Cities have always been a magnet to migrants. In 2010, a tipping point was reached for the first time when, according to the World Health Organization, the majority of the world’s population lived in cities. By 2050, seven out of 10 people will have been born in – or migrated to – a city. One hundred years ago, that figure was two out of 10.
Bernard Lightman’s “Ideology, Evolution and Late-Victorian Agnostic Popularizers” in Moore’s History, Humanity and Evolution (1989) deserves special mention. He argues that agnosticism was presented as a religious creed that had evolved out of Christianity by agnostic propagandists such as Charles Albert Watts (1858-1946), William Stewart Ross (1844-1906), Richard Bithell (1821-1902), Frederick James Gould (1855-1938), Samuel Laing (1811-97), and others.
In the 1880s and 1890s, Victorian agnos… »
In Henry Fielding’s 1749 picaresque History Of Tom Jones, A Foundling, the eponymous hero, laid up in bed having been brained by a bottle in a fight, is attended by the barber Little Benjamin – ‘one of the pleasantest barbers that was ever recorded in history’. First, Benjamin provides Tom with a shave; then, he turns his attention to Tom’s head-wound.
‘I find you have more trades than one,’ Tom exclaims.
‘A surgeon,’ the barber gravely corrects him, ‘is a profession, not a trade.’
Confused, Tom »
One of the joys of being both part of the Digital Humanities community and an early riser is brushing one’s teeth at 6.30 am, checking one’s email, and seeing the days Humanist Discussion Group messages dribble into one’s inbox. Humanist was established by Willard McCarty in 1987 and each morning…
Histories of science and technology provide many examples of accidental discovery. Researchers go looking for one thing and find another. Or, more often, they look for one thing, find something else but don’t realize it until someone points it out in a completely different context. The serendipitous “Eureka!” is the most exciting of all.
Take the microwave oven. Its inventor, Percy Spencer, was not trying to discover a quick, flameless way to cook food. He was working on a magnetron, a vacuum t… »
Jason Rosenhouse is a mathematician and science blogger who has been very actively engaged in the American dispute between scientists and creationists for a number of years. Unlike many of his fellow warriors for science Jason has displayed a remarkable openness and tolerance for the thoughts and beliefs of the creationists. He attended creationist’s lectures and meetings over a number of years listening to what they have to say, engaging in non-provocative discussions with other attendees and … »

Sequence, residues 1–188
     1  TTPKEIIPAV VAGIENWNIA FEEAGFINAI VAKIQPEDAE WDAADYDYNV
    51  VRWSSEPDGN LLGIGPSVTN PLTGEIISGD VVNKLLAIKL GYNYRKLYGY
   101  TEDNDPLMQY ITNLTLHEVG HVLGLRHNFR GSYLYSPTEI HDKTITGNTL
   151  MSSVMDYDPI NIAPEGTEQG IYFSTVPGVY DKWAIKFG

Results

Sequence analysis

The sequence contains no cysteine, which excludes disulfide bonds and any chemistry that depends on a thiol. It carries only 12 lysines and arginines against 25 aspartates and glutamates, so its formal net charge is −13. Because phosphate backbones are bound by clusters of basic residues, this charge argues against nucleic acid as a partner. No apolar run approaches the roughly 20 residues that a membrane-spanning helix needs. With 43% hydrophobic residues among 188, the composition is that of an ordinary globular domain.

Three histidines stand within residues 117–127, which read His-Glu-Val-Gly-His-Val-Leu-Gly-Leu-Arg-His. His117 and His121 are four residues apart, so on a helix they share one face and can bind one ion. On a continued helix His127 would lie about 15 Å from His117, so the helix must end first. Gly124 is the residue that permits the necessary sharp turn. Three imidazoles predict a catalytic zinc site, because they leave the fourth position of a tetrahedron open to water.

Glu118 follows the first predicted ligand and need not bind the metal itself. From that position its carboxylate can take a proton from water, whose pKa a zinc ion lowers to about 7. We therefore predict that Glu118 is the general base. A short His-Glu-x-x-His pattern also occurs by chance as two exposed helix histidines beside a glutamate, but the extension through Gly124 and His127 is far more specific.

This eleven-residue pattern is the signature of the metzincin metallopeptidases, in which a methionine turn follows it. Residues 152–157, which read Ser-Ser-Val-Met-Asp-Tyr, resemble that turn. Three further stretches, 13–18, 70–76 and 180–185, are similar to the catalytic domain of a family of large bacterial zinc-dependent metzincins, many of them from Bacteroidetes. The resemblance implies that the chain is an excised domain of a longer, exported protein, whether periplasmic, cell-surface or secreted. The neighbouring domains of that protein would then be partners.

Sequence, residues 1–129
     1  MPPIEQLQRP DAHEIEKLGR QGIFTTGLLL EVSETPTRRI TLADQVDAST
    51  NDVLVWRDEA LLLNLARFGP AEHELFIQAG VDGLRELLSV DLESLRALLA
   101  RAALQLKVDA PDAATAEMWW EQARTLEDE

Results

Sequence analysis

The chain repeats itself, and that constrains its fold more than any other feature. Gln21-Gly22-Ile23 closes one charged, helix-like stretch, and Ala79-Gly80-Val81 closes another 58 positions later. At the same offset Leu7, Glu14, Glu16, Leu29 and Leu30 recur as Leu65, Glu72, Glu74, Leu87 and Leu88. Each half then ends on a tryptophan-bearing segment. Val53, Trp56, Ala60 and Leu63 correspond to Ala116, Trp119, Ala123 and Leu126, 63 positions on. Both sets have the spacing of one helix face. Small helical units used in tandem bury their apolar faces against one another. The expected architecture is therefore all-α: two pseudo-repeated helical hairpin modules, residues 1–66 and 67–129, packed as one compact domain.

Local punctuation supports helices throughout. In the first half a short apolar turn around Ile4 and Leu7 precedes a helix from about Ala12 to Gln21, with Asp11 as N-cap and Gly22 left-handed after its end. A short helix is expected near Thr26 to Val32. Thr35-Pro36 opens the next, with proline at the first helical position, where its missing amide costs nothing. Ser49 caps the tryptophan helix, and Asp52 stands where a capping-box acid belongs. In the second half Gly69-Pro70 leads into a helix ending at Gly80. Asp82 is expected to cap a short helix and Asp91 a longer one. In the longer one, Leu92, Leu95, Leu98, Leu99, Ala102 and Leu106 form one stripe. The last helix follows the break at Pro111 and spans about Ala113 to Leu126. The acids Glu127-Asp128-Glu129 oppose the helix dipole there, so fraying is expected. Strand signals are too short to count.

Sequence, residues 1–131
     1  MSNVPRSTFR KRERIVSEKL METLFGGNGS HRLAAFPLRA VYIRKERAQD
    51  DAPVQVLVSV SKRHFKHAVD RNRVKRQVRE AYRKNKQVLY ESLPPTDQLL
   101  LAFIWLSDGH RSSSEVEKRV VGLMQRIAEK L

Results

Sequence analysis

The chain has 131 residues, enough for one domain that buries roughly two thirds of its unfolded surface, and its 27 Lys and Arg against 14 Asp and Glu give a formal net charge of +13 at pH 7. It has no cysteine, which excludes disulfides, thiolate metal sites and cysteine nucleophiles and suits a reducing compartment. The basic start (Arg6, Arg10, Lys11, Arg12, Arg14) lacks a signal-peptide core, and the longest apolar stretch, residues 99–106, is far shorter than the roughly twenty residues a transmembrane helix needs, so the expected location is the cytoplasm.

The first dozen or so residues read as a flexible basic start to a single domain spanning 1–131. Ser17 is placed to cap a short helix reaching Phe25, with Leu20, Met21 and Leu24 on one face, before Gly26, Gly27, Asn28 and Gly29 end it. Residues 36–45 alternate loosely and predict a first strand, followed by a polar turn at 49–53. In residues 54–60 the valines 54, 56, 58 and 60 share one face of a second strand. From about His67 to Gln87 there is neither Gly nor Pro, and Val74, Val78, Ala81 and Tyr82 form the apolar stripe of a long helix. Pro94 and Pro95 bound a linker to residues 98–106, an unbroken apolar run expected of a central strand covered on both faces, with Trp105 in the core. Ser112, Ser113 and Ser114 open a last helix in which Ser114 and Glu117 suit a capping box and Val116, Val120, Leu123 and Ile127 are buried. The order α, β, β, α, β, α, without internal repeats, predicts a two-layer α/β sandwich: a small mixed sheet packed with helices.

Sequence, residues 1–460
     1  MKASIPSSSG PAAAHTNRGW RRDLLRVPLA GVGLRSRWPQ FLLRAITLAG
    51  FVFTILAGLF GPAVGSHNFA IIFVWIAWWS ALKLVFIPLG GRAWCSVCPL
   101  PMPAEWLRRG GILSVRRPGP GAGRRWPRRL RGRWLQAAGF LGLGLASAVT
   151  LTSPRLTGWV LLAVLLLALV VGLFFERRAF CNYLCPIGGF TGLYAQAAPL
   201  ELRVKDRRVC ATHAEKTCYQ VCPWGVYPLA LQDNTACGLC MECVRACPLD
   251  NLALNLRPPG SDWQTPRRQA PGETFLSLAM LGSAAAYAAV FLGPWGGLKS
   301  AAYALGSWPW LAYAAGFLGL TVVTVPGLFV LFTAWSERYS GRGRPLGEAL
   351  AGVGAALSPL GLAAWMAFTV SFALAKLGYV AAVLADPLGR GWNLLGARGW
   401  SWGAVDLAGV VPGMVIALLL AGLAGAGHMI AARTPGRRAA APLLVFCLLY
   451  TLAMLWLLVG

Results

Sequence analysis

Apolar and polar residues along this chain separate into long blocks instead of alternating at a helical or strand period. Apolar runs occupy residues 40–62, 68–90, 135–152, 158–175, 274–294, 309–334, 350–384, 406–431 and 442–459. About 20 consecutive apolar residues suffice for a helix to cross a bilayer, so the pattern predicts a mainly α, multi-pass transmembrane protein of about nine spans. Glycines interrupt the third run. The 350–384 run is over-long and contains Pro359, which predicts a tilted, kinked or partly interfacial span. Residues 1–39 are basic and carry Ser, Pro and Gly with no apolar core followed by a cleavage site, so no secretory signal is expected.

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The part of »
The Society of Mutual Autopsy was an organisation formed in the late 1800s to advance neuroscience by examining dead members’ brains and to promote atheism by breaking sacred taboos.
It included some of the great French intellectuals and radicals of the time and became remarkably fashionable – publishing the results in journals and showing plaster-casts of deceased members brains in world fairs.
In October 1876, twenty Parisian men joined together as the Society of Mutual Autopsy and pledged to… »
By Laurence Totelin In the seventh century BCE, Semonides of Amorgos wrote his now infamous poem on the races of women, each one worse than the next. The mare-woman is perhaps my favourite, the ultimate high-maintenance lady: Another type a … Continue reading →
In her first book Sara Read explores the understanding of female bleeding in early modern England. Menstruation and the Female Body in Early Modern England brings together discussions of the key moments of bleeding in a woman’s life; menarche, menstruation, hymenal bleeding and bleeding in childbirth. Read uses both medical literature and personal writings to uncover…
Update: Just after I posted this, I was sent a lengthy feature piece on ITER from the 3 March 2014 issue of the New Yorker. It’s worth a read and it gets at the same issues – politics, money, and technological ambitions – noted here…
In 2010, I had the good fortune to spend several months in southern France. It wasn’t all rosé wine and boules though. I also researched and wrote an article (which you can read here) about the International Thermonuclear Experimental Reactor, now known simple as … »
By B. Harun Küçük The author, Hayatizade Mustafa Feyzi the Younger (d.1738), was the Chief Physician to the Ottoman Sultan Ahmed III (r.1703). Mustafa Feyzi came from a distinguished family of physicians. His grandfather and namesake, Moshe ben Raphael Abravanel … Continue reading →
I will be speaking at Arnos Vale Cemetery in Bristol on 27 February 2014 as part of their ‘Matters of Life and Death’ programme sponsored by the Wellcome Trust. Tickets are £5 via the Cemetery’s website, and you can find the full list of talks here. Do not untimely die! … Continue reading
This workweek is tearing me apart.
Physicians’ Anatomical Aid, (1880ish) in our special collections at the Dibner Library of the History of Science and Technology.
Random book facts!
The portfolio locks with a little silver key.
The prints are chromolithographs.
There is no descriptive text on the illustrations, but the Aid appears to have been offered as a set with the Practitioner’s Hand-Book, which made references to the Physician’s Anatomical Aid throughout.
Alas, we do not have that Practi… »
The History and Philosophy of Science Graduate Program at the University of Notre Dame seeks to appoint a Postdoctoral Fellow beginning August 2014 for one year, renewable for a second year. Applicants must have completed all requirements for the doctoral … Continue reading →